Bruce Willis and Haley Joel Osment in The Sixth Sense (1999)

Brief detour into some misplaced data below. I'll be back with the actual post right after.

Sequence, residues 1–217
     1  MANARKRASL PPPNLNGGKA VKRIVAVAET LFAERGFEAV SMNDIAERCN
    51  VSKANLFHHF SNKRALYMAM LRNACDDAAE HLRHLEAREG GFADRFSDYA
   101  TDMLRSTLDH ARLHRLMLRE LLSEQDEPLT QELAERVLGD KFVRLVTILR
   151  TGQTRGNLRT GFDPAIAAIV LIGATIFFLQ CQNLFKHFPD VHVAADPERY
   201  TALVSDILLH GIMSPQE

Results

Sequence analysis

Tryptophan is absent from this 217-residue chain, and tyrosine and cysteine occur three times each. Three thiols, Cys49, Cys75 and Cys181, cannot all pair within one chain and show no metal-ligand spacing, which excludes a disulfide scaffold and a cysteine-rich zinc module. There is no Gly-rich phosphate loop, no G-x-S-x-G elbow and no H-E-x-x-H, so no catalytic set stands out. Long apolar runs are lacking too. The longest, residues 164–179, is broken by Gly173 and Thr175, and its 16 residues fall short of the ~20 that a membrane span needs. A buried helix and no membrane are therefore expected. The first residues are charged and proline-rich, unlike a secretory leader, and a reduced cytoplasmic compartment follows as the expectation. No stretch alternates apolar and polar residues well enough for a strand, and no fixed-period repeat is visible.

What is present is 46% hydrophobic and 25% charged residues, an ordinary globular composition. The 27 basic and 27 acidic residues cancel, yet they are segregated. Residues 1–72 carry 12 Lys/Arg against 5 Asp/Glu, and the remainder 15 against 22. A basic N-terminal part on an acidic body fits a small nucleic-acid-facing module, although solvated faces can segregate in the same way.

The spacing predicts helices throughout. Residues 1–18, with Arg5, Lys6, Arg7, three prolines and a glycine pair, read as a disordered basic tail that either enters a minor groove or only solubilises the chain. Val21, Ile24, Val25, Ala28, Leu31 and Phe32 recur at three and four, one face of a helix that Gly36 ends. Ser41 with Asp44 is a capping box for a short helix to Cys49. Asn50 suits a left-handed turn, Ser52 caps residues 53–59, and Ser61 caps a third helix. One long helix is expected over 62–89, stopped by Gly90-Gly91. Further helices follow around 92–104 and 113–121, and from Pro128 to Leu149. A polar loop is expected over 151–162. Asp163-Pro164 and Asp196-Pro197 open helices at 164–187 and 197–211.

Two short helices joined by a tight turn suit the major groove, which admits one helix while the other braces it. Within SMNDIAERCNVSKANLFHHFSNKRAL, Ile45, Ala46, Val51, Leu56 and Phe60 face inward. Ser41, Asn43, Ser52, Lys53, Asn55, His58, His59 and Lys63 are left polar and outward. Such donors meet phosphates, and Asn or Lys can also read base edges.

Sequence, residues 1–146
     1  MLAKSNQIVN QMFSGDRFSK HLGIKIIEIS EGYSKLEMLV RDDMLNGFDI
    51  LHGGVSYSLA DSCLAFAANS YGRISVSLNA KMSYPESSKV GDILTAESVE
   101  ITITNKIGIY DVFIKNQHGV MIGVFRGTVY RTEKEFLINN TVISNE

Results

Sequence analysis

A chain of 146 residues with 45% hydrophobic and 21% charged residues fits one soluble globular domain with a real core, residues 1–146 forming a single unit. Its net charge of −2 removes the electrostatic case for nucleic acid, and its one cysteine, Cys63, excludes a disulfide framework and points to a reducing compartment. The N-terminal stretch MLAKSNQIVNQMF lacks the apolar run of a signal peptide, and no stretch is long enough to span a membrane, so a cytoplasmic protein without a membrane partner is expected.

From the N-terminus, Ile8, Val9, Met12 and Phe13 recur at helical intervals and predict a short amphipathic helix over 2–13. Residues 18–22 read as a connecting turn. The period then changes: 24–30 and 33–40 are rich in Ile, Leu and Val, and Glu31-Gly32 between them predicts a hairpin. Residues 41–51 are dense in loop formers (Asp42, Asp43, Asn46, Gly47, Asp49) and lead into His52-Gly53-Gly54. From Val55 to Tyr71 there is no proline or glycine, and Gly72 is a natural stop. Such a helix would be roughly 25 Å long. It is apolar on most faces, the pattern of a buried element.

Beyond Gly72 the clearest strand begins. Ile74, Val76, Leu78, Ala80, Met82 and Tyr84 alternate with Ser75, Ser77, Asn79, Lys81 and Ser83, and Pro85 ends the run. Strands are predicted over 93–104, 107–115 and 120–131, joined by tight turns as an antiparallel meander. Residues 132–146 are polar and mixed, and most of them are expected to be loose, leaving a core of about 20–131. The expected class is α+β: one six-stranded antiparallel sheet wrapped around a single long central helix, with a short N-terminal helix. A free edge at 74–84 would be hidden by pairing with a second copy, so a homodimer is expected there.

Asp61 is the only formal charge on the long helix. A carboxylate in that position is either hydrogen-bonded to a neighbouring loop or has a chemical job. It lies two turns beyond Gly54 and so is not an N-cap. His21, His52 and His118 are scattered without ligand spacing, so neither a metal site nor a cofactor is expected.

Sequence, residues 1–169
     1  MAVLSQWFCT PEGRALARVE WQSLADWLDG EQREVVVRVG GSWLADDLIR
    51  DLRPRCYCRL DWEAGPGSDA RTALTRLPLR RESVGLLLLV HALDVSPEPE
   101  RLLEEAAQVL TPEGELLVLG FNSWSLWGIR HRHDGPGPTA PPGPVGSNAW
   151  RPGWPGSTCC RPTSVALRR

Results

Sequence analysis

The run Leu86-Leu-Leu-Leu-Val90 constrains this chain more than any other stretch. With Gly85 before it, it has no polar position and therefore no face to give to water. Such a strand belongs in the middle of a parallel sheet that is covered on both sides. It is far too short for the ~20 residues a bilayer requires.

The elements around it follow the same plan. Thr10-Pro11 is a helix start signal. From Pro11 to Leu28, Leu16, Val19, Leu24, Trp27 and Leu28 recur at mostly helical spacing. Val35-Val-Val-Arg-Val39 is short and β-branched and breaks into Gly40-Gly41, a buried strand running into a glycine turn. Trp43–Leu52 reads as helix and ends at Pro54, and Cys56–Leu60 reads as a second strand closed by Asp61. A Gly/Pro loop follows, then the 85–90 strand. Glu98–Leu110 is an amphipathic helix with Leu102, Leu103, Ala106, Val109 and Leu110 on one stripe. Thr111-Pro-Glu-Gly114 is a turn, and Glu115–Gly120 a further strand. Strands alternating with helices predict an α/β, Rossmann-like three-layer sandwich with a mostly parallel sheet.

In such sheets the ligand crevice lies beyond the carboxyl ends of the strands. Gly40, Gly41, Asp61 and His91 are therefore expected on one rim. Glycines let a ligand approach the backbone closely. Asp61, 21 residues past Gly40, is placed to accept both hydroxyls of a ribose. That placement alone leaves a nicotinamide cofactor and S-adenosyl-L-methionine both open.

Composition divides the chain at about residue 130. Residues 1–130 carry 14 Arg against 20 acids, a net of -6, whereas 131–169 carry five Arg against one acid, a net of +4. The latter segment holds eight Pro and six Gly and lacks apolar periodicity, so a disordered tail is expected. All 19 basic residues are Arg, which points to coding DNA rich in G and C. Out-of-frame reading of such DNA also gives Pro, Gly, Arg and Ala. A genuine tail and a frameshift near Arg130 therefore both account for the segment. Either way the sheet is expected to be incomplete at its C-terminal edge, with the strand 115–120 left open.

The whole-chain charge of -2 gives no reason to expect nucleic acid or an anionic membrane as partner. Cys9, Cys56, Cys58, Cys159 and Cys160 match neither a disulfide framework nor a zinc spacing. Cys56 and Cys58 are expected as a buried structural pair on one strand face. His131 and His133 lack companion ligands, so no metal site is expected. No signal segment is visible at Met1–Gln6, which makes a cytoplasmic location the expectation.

I'm a definitive movie buff, so a lot of my interest in rewatching films is not just in the enjoyment of the return, but sometimes it involves introducing other people to watch with me. No movie fan can deny the pleasure of showing one of their friends or significant others their favorite movie. It's like sharing a piece of your heart in a way, something that makes you happy, or scared for that matter. I myself am guilty of watching someone watching a movie, eyeing my friends so I know they're paying attention. But it does take a bit more for me to go back into a theater to return to a film, and even sometimes put a movie back in the disc player. I watch a majority of films by myself, so my occasional return viewing is more related to if I feel the film merits a second watch. So let's take a movie like Knives Out and talk about what makes it entertaining. A good thriller does not just rely on plot-pointing the start-to-finish of the story, but also having fun with the ride. Knives Out was successful because it was audaciously funny and incredibly confident. It starred a large A-List cast of actors firing on all calibers for two hours straight. So when we get to the inevitable whodunit ending, we are almost sad the movie has to end. The film follows a murder-mystery story, dropping clues and hints and letting us in on moments of discovery before its conclusion. That being said, there's not a lot of exposition or filler, so the time spent with the movie is humorous and so much fun that you kind of forget you're waiting for a twist. As I mentioned before, the whodunit genre is different from the horror genre because it's cards are revealed at the end, and the whole film is built around that mystery. So Knives Out decided in its making, that it was a comedy. And now there are two confirmed sequels. Imagine that?